Oak and grasslands at sunset, Sierra Nevada foothills, California. 31mm, five frames blended with Lightroom’s HDR Merge, each frame at f/11, ISO 100.
While looking through my photographs from last year, I realized there were many images that I hadn’t had a chance to post before.
One of those was this photograph of a lone oak at sunset in the Sierra foothills. I made this on April 6th, during the first lockdown. Yosemite was closed, and we couldn’t travel outside our county, but Claudia and I felt lucky to live in the Sierra foothills, where we could easily drive to some beautiful spots without encountering any other people. We explored and photographed places we hadn’t been to before, and it was fun discovering these new locations in our backyard.
Dusk light, Grand Canyon, Arizona
In a recent post I described how Claudia and I made a spur-of-the-moment detour to the North Rim of the Grand Canyon. We arrived in the afternoon, and spent the rest of the day checking out various viewpoints.
As sunset approached we had just enough light to check out one more spot. We made it there just after sunset, and in the gathering dusk I thought the light in the canyon to the west was exquisite: soft, with a beautiful backlit glow, and a slight haze to add atmosphere and depth.
Morning sunlight from the North Rim of the Grand Canyon, Arizona. I used the “thumb technique” to reduce flare in this image; see the post for more details.
On our road trip last month Claudia and I found ourselves in Kanab, Utah. We cooked breakfast at a picnic table in a small park in town, and discussed our next move. There are a lot of options from Kanab. Should we head to Zion? Detour east toward the Paria River area? Drive the Cottonwood Canyon Road?
And then I thought, we’re pretty close to the North Rim of the Grand Canyon. And neither of us had ever been there. So the North Rim it was.
First light on aspens, Colorado. I waited for the sun to come up over a ridge and rake across this hillside, thinking that the first light catching the tops of the trees might be interesting. This turned out to be one of my favorite images from the trip. 297mm, 1/45th sec. at f/11, ISO 100.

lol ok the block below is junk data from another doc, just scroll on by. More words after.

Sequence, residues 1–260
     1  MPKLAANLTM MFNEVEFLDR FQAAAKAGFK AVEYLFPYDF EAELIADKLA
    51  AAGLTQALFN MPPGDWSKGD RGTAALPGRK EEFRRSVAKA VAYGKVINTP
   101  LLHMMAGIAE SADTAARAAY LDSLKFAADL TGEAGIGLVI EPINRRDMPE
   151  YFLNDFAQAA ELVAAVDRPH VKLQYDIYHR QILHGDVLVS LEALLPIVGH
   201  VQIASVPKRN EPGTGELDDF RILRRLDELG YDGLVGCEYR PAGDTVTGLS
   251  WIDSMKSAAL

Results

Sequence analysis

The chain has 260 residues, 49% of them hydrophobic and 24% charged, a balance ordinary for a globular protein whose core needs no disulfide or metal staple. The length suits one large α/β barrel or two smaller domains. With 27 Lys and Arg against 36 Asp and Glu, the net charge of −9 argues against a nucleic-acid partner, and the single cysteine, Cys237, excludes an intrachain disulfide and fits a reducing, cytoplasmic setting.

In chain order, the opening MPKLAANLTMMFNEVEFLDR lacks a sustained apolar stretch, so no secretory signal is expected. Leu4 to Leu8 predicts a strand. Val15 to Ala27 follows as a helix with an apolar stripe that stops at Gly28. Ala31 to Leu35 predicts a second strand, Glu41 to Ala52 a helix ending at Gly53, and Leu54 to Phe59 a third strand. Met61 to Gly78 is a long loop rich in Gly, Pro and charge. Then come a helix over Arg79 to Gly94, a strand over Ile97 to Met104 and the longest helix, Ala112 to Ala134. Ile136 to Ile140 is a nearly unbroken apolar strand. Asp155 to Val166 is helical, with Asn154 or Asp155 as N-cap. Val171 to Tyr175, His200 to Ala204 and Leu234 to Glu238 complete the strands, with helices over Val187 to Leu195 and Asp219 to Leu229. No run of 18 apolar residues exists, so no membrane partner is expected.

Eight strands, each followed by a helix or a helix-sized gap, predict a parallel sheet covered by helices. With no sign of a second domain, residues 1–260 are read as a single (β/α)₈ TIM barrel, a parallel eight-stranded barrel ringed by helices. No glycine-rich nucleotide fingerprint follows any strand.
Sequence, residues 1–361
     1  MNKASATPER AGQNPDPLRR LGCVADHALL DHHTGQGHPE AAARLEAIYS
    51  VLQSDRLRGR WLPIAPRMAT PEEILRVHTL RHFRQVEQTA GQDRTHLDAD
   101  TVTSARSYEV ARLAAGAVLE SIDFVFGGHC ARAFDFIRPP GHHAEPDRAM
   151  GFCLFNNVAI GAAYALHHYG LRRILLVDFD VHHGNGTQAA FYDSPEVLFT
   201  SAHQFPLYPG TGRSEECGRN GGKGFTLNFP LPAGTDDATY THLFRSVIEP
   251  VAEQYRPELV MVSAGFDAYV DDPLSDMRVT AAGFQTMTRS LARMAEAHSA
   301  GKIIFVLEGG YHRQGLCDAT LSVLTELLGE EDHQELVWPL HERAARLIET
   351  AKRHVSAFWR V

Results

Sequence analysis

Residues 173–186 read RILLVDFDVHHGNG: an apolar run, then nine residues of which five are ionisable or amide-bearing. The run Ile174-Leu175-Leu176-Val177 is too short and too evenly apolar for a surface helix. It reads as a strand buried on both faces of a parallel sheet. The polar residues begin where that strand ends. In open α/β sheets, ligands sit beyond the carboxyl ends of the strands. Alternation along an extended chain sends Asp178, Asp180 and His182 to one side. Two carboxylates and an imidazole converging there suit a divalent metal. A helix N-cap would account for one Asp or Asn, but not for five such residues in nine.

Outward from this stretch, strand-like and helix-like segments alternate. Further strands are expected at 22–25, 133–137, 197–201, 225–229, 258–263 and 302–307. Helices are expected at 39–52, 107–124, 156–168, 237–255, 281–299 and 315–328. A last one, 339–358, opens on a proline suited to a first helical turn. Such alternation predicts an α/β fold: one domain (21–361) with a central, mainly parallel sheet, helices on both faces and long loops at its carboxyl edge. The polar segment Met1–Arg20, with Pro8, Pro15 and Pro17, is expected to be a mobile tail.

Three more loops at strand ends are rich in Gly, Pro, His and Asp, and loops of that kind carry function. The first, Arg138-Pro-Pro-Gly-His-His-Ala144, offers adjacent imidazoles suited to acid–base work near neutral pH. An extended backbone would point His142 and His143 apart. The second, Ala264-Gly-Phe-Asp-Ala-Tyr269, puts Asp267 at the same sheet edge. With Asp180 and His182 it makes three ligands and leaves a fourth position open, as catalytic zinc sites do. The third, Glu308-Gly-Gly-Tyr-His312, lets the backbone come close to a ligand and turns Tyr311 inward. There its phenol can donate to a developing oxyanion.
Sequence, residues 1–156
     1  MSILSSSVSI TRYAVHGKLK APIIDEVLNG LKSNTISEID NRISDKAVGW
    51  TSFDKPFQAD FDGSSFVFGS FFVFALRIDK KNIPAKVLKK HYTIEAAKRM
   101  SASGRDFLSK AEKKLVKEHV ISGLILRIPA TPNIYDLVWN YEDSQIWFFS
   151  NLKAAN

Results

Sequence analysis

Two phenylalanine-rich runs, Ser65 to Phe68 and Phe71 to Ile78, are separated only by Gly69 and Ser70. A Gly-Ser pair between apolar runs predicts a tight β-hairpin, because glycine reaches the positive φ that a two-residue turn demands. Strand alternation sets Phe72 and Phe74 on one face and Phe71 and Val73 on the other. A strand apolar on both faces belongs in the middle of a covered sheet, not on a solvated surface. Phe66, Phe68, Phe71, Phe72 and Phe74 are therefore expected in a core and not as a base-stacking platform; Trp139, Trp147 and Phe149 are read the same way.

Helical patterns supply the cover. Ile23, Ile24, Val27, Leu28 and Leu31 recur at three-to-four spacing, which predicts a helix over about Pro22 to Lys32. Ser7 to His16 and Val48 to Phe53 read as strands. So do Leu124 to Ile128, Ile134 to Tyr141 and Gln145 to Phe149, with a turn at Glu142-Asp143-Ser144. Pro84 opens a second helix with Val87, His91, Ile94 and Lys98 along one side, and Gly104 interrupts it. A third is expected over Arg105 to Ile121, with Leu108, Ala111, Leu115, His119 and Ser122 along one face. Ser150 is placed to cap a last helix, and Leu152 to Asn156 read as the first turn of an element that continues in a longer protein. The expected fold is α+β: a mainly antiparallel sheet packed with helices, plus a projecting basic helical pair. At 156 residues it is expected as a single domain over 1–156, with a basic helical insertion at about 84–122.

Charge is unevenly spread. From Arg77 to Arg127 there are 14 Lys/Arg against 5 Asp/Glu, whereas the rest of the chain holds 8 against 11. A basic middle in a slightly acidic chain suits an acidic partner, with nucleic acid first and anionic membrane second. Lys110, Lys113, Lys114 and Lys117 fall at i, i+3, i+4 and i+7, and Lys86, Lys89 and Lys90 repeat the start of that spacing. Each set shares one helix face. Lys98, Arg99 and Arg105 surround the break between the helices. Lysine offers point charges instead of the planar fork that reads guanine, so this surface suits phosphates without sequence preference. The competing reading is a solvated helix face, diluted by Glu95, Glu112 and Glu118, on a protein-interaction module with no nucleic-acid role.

After photographing fall color in northern Utah, and then having our course deflected toward Dinosaur National Monument, Claudia and I did finally make our way to the aspen groves in Colorado.
As we were quickly discovering on this trip, the pandemic has made outdoor recreation especially popular this fall, so well-known spots were busier than usual, and campsites hard to come by.
But there are lots of aspens in Colorado. Millions of them. If you’re in Colorado at elevations between 8,000 and 10,000 feet, there are bound to be aspens nearby. We didn’t have a particular timetable, so we looked at maps, picked out some likely spots, and just went.
Sandstone formations, Dinosaur National Monument, Utah
After visiting northern Utah on our recent road trip, we headed toward Colorado, but on the spur of the moment we decided to make a detour to Dinosaur National Monument.
When our son Kevin was five years old we made a trip to Dinosaur. Kevin was totally into dinosaurs at that age, and was thrilled to visit a place where dinosaurs had once lived, and to see actual dinosaur fossils in place in the dinosaur quarry. It was a magical experience for him.
Backlit aspens, northern Utah
Claudia and I have been on a road trip for about two weeks now. It’s been a fun, relaxing journey. We don’t have any specific plans, so we’re exploring some out-of-the-way places we’ve never been to before, looking for fall color and anything else that seems interesting.
We started in northern Utah. where the maples weren’t as vibrant as last year, but we saw some nice patches of color. And then we ventured farther into the boonies and found beautiful mountains, aspens, and some moose.